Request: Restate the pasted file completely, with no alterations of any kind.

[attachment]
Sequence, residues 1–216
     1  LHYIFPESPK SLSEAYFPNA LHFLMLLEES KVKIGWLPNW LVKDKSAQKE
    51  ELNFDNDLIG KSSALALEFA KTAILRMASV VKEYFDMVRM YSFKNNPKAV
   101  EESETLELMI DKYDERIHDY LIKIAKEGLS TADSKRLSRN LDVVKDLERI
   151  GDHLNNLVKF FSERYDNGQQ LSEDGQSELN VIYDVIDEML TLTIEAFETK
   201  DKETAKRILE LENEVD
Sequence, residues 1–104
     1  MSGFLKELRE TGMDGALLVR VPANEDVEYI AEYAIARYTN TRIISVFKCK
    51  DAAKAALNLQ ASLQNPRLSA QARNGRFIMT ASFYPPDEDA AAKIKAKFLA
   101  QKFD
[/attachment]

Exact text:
Sequence, residues 1–216
     1  LHYIFPESPK SLSEAYFPNA LHFLMLLEES KVKIGWLPNW LVKDKSAQKE
    51  ELNFDNDLIG KSSALALEFA KTAILRMASV VKEYFDMVRM YSFKNNPKAV
   101  EESETLELMI DKYDERIHDY LIKIAKEGLS TADSKRLSRN LDVVKDLERI
   151  GDHLNNLVKF FSERYDNGQQ LSEDGQSELN VIYDVIDEML TLTIEAFETK
   201  DKETAKRILE LENEVD
Sequence, residues 1–104
     1  MSGFLKELRE TGMDGALLVR VPANEDVEYI AEYAIARYTN TRIISVFKCK
    51  DAAKAALNLQ ASLQNPRLSA QARNGRFIMT ASFYPPDEDA AAKIKAKFLA
   101  QKFD